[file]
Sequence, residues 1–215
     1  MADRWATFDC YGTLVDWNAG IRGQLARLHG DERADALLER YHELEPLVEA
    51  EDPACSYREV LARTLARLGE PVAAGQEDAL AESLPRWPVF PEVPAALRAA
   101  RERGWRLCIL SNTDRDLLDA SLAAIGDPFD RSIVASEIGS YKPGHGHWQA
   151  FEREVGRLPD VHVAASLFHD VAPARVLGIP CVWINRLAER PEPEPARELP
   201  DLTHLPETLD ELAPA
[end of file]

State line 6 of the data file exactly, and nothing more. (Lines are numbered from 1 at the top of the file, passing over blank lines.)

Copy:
   201  DLTHLPETLD ELAPA